According to Desiderius Erasmus, his dear friend and fellow intellectual prankster, St. Thomas More never went anywhere without a book in hand. Yet no one would have described him as a “bookish” man.
Then as now, many were wont to blame the liberal arts for leading wayward souls into a life if impracticality. Yet More, who was second to none in his devotion to “literary studies,” credited them with his good “health, his popularity and influence with an excellent prince, and all men, both friends and strangers.”
He also attributed to the same studies “his easier circumstances, his own greater happiness and the happiness he [gave] his friends, the services he [rendered] his country and his relations and kinsfolk.”
Last but the opposite of least, immersion in books gave him “a greater ease in pleasing heaven.”
How could this be? More was under no delusion that learning was a guarantee of worldly success or sanctity, or even necessary for either end.
What More grasped is that literature, when well written, presents us with a cross section of reality, in all its majesty and degradation, its simplicity and complexity, its folly and wisdom.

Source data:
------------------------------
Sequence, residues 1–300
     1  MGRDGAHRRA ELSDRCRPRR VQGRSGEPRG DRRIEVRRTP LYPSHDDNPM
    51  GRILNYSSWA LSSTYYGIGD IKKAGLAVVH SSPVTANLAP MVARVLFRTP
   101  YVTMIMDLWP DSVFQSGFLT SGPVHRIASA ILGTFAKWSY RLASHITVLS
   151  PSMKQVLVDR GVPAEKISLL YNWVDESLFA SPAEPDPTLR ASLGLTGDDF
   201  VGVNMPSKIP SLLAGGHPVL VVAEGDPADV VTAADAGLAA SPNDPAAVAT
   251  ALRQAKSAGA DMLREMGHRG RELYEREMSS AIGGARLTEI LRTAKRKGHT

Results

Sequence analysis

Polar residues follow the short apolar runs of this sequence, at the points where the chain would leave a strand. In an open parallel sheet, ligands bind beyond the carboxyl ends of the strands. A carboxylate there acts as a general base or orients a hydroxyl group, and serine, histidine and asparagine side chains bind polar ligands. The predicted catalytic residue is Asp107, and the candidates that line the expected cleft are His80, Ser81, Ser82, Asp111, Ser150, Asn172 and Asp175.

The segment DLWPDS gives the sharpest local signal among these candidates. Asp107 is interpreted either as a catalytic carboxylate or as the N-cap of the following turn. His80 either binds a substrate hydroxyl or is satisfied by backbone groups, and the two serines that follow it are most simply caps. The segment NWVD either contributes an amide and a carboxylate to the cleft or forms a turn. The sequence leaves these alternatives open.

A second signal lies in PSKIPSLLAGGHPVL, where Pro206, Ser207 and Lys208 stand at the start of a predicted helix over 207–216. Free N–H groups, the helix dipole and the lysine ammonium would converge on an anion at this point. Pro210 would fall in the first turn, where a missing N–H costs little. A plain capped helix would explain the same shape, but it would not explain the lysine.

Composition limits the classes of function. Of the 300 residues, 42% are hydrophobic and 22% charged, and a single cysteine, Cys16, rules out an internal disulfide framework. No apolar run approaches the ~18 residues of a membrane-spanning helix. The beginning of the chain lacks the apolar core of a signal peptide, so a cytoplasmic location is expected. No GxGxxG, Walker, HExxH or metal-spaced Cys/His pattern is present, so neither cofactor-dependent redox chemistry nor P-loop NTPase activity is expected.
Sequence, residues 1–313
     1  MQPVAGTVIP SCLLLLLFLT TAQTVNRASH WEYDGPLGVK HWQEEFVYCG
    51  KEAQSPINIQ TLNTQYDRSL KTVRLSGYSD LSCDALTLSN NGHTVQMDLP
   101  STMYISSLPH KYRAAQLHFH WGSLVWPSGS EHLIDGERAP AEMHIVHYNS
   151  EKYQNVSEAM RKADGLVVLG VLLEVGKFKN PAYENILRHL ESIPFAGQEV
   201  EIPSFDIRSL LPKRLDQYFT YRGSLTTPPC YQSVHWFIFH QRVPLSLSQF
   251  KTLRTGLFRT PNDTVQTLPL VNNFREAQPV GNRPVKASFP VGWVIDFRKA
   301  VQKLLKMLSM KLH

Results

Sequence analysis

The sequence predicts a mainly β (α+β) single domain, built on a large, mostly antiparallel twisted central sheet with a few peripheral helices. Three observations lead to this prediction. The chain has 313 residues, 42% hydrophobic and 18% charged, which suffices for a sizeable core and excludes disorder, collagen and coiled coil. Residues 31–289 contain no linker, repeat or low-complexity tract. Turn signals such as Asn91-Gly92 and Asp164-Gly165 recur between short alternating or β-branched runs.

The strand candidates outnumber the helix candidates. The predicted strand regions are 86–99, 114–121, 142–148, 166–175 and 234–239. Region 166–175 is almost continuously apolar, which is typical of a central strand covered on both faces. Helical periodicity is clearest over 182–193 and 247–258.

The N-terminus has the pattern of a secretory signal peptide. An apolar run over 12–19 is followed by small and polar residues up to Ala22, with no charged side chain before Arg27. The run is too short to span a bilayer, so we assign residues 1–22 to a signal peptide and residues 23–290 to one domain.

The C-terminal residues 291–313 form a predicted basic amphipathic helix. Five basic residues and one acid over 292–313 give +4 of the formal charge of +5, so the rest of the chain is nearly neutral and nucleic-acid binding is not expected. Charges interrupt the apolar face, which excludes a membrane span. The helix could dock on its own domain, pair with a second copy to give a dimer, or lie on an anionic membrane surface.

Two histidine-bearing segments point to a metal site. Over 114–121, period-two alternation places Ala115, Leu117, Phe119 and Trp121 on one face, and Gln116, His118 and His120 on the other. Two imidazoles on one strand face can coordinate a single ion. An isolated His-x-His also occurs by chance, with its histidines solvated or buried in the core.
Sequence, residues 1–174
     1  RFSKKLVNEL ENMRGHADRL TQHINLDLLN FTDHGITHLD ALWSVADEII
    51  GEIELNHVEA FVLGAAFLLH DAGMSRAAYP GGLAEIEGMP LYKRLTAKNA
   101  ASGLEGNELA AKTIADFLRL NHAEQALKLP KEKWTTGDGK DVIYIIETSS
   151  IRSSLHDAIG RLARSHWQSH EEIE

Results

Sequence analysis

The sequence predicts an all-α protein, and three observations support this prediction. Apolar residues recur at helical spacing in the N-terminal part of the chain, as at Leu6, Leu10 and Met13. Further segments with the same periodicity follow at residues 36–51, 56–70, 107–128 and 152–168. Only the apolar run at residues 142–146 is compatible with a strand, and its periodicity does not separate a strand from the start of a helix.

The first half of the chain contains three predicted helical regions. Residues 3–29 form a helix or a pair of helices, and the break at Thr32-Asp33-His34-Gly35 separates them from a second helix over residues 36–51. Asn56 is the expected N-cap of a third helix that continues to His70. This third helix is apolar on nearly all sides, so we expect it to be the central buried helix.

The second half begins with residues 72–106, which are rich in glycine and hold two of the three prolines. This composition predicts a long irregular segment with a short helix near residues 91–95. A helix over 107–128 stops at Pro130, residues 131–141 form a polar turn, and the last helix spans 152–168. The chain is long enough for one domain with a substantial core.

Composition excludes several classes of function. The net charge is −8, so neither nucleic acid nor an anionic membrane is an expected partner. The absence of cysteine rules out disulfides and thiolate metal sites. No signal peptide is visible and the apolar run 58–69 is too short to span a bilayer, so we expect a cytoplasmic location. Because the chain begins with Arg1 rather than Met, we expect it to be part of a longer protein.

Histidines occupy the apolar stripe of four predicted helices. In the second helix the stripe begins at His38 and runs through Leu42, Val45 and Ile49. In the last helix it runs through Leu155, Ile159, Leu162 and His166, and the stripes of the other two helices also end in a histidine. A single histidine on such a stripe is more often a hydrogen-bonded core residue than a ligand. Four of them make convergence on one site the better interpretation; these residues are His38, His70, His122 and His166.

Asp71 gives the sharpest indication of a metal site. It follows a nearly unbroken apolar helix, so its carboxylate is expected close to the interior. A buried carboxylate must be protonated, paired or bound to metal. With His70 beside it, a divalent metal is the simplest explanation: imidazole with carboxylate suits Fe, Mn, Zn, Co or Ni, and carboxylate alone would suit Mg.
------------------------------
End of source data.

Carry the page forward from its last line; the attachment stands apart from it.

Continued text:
When read well, a good book trains our minds in the perception and proper handling of life’s many and varied twists and turns. It helps us to perfect our human potential by cultivating what More called a “good mother wit.”
In light of More’s witness, it saddens me to hear well-intentioned people denigrate the value of liberal arts education.
In the face of an academy weighed down by bureaucratic bloat, and an intelligentsia corrupted by ideological poison, one can sympathize with skepticism about the supposed connection between higher education and a life well lived.
Nonetheless, it is always best to consider first the log in our own eye. Do we believe, or speak and act as if we believe, that money, status, and self-regard are the true ends of higher education?
If so, a genuine liberal education may be just the thing to free us from habits contrary to our own happiness, the happiness of the friends and strangers we influence, and the pleasure of heaven.
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